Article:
Unlike the rest of us, you probably have very little trouble losing weight, and of the 2, it’s almost always easier to gain weight than to lose it.

And doing while Paleo might be a little tougher than doing while eating a standard American diet, but it’s not impossible at all.

How to Gain Weight on a Paleo Diet

Putting on weight is really a matter of doing 3 things, whether you’re Paleo or not…
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Giveaway! Win Wholly Guacamole Products!

Win Wholly Guacamole

Having grown up in California, Mexican food has always been one of my favorite cuisines. Tacos, burritos, nachos, you get the picture. But as a child I wasn’t so keen on vegetables, especially the green ones. I would dip the chip in the salsa, even sometimes in the guacamole (despite it being green), but more just to flavor the chip. I would never actually scoop anything up.

Somewhere between adolescence and adulthood – I was a late bloomer in terms of healthy eating – a friend was devouring an avocado and when I looked at him with a puzzled face, he started to poetically elaborate on the buttery subtleties of this special “fruit” (yes, avocado is a fruit, botanically speaking). I started to experiment, first with a little salt, then with different textures, until I finally learned to make, and love, my own guacamole! (There are myriad ways to make a good guacamole; we recently published a list of our Top 30 favorite guacamole recipes.)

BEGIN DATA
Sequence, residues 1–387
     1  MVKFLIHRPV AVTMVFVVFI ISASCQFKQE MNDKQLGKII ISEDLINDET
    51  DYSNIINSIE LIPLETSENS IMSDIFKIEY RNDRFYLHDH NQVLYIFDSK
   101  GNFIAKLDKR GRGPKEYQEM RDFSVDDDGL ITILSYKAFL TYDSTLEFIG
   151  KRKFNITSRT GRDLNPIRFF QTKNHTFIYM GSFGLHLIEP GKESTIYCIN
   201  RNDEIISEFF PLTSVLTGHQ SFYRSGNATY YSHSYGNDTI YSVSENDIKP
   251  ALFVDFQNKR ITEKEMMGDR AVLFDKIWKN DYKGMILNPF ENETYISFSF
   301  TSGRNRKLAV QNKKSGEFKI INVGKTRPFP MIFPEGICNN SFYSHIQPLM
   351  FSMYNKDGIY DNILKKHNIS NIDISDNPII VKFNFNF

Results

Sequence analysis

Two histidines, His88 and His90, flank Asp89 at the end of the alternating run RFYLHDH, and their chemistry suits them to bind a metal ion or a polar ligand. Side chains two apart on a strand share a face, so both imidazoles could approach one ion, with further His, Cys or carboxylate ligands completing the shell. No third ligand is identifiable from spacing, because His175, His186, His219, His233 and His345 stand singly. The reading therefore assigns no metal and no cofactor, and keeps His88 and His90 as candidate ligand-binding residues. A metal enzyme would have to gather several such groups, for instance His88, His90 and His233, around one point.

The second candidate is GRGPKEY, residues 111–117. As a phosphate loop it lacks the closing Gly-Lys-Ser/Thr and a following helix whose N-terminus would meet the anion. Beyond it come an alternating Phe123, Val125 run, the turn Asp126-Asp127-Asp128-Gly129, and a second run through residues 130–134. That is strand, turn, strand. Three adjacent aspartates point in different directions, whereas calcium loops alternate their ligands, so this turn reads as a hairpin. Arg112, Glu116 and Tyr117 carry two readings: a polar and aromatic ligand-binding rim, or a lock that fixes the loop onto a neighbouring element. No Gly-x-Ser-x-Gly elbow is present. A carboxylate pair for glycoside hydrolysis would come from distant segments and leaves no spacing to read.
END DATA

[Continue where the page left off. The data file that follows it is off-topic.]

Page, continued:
When I don’t have the time or energy to make my own, I search high and low for a worthwhile store-bought version and I’ve found that Wholly Guacamole has got me covered. Free of chemicals and preservatives, their packaging technique keeps their delicious guacamole fresher for longer without compromising the flavor. And they have smooth or chunky, and mild or spicy varieties, plus mini dip kits which are perfect for the kids’ lunch boxes (or yours).

To celebrate their awesomeness we are giving away coupons to 5 lucky winners for your choice of Wholly Guacamole products. Check our their great selection and then enter below to win!

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Disclaimer: Wholly Guacamole provided the prize for this giveaway. Links on this website may be affiliate links.

Post by Lucha: World traveler turned culinary student, Lucha will try most food but prefers Indian, Thai and Mexican food above all else. She is currently either cooking, eating, grocery shopping, or browsing recipes on Pinterest.

Paleo Chocolate Pancake Recipe

paleo Chocolate Coconut Pancakes